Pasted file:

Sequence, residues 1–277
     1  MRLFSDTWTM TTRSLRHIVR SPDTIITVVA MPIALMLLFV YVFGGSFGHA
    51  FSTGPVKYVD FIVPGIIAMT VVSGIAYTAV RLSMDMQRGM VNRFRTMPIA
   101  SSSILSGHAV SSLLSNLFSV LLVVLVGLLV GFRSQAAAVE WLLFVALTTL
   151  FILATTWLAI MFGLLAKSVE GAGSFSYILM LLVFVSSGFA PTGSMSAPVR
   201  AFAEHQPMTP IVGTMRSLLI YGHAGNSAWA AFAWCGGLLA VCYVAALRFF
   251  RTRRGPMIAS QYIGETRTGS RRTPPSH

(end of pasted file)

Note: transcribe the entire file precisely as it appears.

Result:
Sequence, residues 1–277
     1  MRLFSDTWTM TTRSLRHIVR SPDTIITVVA MPIALMLLFV YVFGGSFGHA
    51  FSTGPVKYVD FIVPGIIAMT VVSGIAYTAV RLSMDMQRGM VNRFRTMPIA
   101  SSSILSGHAV SSLLSNLFSV LLVVLVGLLV GFRSQAAAVE WLLFVALTTL
   151  FILATTWLAI MFGLLAKSVE GAGSFSYILM LLVFVSSGFA PTGSMSAPVR
   201  AFAEHQPMTP IVGTMRSLLI YGHAGNSAWA AFAWCGGLLA VCYVAALRFF
   251  RTRRGPMIAS QYIGETRTGS RRTPPSH